摘要：Essays in English written by people from China were branded by text-analysis tools as being generated by artificial intelligence 61 per cent of the time
Tools to detect if a body of English text has been written by humans or artificial intelligence exhibit bias against people whose primary language isn’t English. The tests frequently misidentify their work as being created by an AI.
Text-generating AI models such as OpenAI’s ChatGPT and GPT-4 are being used by some students at schools and universities to create essays that they are passing off as their own work. To stop this, there are many tools designed to identify patterns in text that reveal the work of AI.
James Zou at Stanford University in California and his colleagues have now tested whether the AI-detection tools worked equally well for all students. They did this by feeding a selection of essays to seven of the most popular AI-text detectors. “This is a pretty important problem,” says Zou.
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In all, 161 essays, written in English, were given to each AI-detection service. Of those, 91 were written by people with English as a second language, obtained from a Chinese educational forum, and 70 were US college admission essays, mainly obtained from PrepScholar, an admissions preparation website.
Only about 5 per cent of the US-based essays were flagged as being written by AI, while, on average, 61 per cent of the Chinese essays were.
One reason for this may be the lack of “perplexity” in language in the essays from China. This is a probabilistic measure of how varied the word choice is in a sample of writing that detection tools often use to decide whether something is computer-generated. “If perplexity is high, that’s more likely to be human according to these detection algorithms,” says Zou.
This measure puts non-native speakers at a disadvantage, he says. “Very reasonably, they tend to use more common words. That’s why their texts are misclassified.”
Besart Kunushevci, CEO of Crossplag, which created one of the plagiarism checkers tested, says: “We acknowledge that our publicly available model has certain limitations.” However, the company is developing a new, enhanced model that minimises false positives, he says. “The model that researchers evaluated was based on our previous public version, which indeed had its constraints.”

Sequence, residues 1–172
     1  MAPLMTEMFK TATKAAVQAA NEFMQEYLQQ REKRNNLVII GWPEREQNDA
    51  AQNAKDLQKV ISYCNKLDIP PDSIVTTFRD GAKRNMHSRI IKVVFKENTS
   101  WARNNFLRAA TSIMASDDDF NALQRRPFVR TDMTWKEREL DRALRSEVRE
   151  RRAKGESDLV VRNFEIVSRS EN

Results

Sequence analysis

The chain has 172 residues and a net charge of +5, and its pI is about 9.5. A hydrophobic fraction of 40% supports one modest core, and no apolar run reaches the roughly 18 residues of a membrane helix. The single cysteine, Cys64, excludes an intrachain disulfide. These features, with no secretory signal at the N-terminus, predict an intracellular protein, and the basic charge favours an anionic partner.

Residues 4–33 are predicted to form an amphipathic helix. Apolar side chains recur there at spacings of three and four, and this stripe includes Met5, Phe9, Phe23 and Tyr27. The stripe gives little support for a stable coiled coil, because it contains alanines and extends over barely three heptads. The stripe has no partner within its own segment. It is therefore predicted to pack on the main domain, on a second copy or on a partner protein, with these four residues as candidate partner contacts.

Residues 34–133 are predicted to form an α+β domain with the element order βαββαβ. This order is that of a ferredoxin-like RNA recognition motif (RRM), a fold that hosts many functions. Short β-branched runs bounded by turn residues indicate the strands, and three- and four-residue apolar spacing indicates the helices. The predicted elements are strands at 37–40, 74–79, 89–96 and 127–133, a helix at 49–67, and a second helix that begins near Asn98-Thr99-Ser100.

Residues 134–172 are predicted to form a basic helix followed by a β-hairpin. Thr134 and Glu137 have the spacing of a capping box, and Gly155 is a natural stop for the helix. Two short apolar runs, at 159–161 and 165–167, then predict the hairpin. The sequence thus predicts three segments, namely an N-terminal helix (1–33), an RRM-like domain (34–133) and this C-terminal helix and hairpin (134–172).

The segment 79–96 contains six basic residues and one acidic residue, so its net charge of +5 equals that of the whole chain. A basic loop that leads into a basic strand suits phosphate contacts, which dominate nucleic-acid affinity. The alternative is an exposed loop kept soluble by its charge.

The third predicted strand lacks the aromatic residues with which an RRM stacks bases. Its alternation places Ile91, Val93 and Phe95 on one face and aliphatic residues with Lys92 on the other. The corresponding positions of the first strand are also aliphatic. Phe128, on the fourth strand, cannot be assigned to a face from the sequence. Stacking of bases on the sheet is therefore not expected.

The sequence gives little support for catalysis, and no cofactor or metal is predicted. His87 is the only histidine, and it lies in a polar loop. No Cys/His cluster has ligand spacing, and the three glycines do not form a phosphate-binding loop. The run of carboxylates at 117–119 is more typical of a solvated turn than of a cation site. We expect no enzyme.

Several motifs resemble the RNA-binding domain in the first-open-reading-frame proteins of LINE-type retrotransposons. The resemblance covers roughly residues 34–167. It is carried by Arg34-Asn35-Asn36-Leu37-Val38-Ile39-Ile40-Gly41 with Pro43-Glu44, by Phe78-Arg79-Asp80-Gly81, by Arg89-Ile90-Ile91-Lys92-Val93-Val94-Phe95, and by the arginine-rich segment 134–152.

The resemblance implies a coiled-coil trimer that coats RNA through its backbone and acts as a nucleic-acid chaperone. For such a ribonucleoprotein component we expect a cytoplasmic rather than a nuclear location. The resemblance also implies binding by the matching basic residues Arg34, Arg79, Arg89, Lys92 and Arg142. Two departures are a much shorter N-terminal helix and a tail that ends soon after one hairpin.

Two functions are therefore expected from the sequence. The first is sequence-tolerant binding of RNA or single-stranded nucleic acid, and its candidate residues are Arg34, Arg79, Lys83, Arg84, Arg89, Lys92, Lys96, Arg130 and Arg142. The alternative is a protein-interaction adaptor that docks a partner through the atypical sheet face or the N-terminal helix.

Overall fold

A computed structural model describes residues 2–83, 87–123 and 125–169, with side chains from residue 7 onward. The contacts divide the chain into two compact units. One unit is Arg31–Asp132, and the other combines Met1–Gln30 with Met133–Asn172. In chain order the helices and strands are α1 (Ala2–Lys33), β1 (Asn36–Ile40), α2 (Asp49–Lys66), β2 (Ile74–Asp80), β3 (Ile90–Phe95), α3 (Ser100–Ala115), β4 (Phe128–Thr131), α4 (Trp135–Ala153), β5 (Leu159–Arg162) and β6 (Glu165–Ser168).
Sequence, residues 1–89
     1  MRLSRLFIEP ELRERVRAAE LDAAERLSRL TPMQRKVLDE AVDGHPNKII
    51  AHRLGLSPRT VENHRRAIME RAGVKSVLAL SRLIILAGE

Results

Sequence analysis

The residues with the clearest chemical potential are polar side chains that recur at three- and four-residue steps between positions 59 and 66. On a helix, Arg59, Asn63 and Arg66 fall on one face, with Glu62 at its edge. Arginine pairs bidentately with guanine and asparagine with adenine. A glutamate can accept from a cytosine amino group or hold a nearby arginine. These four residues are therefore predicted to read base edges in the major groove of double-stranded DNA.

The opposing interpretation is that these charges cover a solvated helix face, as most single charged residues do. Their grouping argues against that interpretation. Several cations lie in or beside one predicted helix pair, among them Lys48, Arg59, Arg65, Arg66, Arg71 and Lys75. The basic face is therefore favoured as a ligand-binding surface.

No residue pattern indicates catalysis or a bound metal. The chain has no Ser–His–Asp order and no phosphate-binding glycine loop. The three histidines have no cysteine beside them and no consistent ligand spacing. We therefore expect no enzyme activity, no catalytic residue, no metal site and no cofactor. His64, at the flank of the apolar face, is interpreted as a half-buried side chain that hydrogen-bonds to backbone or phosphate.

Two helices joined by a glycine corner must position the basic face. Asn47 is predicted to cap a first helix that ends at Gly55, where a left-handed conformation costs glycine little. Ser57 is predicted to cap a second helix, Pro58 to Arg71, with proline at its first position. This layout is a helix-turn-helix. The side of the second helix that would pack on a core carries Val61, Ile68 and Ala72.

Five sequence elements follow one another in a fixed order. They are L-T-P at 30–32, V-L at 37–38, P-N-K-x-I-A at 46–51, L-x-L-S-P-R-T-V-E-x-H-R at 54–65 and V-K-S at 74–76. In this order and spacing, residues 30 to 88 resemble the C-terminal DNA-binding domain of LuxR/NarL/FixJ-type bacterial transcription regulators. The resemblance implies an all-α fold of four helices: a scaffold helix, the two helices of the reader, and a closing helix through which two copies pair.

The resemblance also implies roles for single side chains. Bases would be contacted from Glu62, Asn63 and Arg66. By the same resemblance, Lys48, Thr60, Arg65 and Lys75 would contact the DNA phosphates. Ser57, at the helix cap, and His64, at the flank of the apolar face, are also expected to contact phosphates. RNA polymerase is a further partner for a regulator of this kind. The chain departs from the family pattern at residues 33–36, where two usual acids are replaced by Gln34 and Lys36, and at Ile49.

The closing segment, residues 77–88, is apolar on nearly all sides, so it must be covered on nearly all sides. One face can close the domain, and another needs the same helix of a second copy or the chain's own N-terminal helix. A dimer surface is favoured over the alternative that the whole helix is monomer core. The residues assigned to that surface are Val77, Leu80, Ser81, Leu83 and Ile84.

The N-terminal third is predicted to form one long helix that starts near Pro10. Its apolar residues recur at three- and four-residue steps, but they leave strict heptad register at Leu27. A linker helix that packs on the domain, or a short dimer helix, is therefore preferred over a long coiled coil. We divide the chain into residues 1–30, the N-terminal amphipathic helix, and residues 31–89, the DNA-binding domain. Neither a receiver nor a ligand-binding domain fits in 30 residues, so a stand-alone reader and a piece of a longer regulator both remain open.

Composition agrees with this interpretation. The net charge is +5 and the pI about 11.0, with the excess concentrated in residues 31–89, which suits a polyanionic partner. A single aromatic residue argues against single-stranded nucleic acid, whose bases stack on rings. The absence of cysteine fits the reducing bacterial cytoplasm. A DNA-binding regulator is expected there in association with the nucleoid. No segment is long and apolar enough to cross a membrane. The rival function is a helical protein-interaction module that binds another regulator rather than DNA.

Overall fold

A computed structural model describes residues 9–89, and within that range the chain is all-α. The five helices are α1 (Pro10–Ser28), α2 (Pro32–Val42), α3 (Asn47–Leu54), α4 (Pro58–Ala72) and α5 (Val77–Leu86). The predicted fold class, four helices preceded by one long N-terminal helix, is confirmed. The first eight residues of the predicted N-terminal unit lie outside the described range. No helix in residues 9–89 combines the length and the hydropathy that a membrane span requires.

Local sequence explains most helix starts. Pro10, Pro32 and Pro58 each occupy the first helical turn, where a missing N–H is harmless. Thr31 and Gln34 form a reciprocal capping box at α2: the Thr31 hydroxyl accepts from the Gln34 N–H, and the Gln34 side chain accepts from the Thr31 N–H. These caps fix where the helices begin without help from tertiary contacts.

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Edward Tian, who developed GPTZero, another of the tools evaluated, recognises the language problem, saying his app is predominantly trained on English prose written by native speakers. “Notably, our detector has one of the lowest false positives,” he says, adding that his R&D team is already working on incorporating non-native English data and different languages.
Jon Gillham at Originality.AI says the study assessed a prior version of the company’s plagiarism checker. “Our model 1.4 improved both AI detection and reduced false positives,” he says.
A spokesperson for ZeroGPT, which was also tested, says it has no bias against non-English writing, but its model was trained on content from the internet, which is predominately written in English. “It is a question of data availability for each language, as well as data accuracy,” they say.
OpenAI, Quill.org and Sapling didn’t respond to a request to comment on the paper’s findings about their tools.
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The findings might not be as straightforward as they appear, though, because ghostwriters often produce essays to order for international students, says Thomas Lancaster at Imperial College London. “We don’t have any clear evidence that the [Chinese] essays sampled were written by somebody who has English as their second language,” he says.
Lancaster also says that international students who feel less confident in their written English might use grammar-checking tools, which could result in more false positives in AI checkers. “This will naturally see their essays being shaped towards a more standardised approach,” he says.
Zou and his colleagues did find one way to reduce the number of false positives. If the Chinese-origin essays were put into GPT-4 and the AI was asked to change word choices to make the essay sound more like it was written by a native English speaker, the likelihood of them raising concerns among AI-detection tools dropped to just over 10 per cent. “It’s pretty ironic,” says Zou.
Reference: arXivDOI: 10.48550/arXiv.2304.02819